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Modeling the size distribution of iron silicide precipitates in multicrystalline silicon

: Schön, J.; Haarahiltunen, A.; Fenning, D.P.; Buonassisi, T.; Savin, H.; Warta, W.; Schubert, M.C.


Institute of Electrical and Electronics Engineers -IEEE-; IEEE Electron Devices Society:
38th IEEE Photovoltaic Specialists Conference, PVSC 2012. Vol.1 : Austin, Texas, USA, 3 - 8 June 2012
Piscataway, NJ: IEEE, 2012
ISBN: 978-1-4673-0064-3
ISBN: 978-1-4673-0066-7
Photovoltaic Specialists Conference (PVSC) <38, 2012, Austin/Tex.>
Conference Paper
Fraunhofer ISE ()
Solarzellen - Entwicklung und Charakterisierung; Silicium-Photovoltaik; Charakterisierung von Prozess- und Silicium-Materialien; Charakterisierung; Zellen und Module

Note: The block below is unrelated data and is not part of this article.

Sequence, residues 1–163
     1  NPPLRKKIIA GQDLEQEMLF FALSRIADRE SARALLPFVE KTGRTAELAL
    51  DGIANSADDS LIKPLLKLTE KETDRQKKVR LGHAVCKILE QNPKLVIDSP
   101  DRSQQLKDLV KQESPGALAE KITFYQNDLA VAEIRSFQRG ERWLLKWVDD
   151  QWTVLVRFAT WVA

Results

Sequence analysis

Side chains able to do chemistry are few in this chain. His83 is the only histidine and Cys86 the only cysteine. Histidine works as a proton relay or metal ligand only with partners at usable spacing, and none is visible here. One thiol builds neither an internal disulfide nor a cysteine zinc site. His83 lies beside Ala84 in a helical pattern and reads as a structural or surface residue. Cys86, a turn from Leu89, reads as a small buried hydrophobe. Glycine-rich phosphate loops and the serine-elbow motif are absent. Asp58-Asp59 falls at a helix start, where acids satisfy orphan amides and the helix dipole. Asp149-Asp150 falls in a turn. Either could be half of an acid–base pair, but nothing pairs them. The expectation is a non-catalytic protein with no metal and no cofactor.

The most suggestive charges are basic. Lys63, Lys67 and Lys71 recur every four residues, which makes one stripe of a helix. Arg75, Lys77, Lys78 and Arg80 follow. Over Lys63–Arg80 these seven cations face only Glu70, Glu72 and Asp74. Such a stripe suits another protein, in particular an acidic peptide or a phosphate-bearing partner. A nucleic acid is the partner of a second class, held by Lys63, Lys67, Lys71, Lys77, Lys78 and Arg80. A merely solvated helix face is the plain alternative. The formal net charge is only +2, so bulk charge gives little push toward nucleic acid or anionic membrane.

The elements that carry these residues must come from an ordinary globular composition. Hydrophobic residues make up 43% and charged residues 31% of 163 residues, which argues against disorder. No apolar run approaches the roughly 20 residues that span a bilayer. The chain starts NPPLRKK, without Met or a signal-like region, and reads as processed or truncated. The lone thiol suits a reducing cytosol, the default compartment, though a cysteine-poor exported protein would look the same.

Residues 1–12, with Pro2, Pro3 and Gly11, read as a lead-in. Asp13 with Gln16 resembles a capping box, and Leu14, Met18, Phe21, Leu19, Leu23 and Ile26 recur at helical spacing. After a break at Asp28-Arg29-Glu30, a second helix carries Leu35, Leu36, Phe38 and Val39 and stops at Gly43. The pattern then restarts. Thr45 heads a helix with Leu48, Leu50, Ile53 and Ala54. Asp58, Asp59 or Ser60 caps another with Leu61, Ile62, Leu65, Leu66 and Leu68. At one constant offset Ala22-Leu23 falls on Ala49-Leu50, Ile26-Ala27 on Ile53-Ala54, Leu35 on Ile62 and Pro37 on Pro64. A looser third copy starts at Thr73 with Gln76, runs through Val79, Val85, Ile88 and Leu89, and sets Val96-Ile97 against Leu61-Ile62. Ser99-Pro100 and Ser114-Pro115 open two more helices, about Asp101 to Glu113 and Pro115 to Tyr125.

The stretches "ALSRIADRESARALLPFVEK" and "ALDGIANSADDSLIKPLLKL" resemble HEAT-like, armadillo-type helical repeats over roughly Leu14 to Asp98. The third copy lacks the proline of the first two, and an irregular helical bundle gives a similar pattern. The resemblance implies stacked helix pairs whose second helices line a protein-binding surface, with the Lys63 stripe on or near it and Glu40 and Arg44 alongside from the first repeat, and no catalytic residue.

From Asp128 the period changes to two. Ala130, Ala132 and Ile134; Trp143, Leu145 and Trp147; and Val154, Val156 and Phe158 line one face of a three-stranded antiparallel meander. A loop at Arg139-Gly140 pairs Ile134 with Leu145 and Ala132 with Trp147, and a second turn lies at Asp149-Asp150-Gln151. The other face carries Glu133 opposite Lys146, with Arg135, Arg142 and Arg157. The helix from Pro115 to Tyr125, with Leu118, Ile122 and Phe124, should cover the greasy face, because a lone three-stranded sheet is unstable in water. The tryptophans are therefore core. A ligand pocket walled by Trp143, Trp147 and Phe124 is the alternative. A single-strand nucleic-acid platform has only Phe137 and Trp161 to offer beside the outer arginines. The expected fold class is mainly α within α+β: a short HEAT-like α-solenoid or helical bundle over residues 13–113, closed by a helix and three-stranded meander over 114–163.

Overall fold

Precipitation of iron in multicrystalline (mc) silicon during typical solar cell processing is investigated with an advanced model that has been previously demonstrated to be able to simulate the iron distribution in two dimensions. The improving detection limits of precipitate measurements with x-ray fluorescence microscopy (mu XRF) allow a first comparison of measured and simulated precipitate densities in mc solar cell material. We focused on simulating the size distribution of iron-silicide precipitates at a grain boundary for a better comparison with experimental data. The simulated line densities of detectable iron precipitates as well as the size distribution along a grain boundary are in good agreement with experiments. These results verify the iron kinetics model, independent of the interstitial iron concentration. The dependency of the assumed total iron concentration and the model structure is investigated by varying these input parameters. The model predicts a fast dissolution of small and medium iron precipitates during inline phosphorus diffusion, resulting in an increase of the mean size of precipitates. Low-temperature anneals effectively reduce the interstitial iron concentration, but influence only the density of small precipitates, which are below experimental detection limits. The simulations demonstrate that iron precipitates become more important for the charge-carrier lifetime during solar cell processing.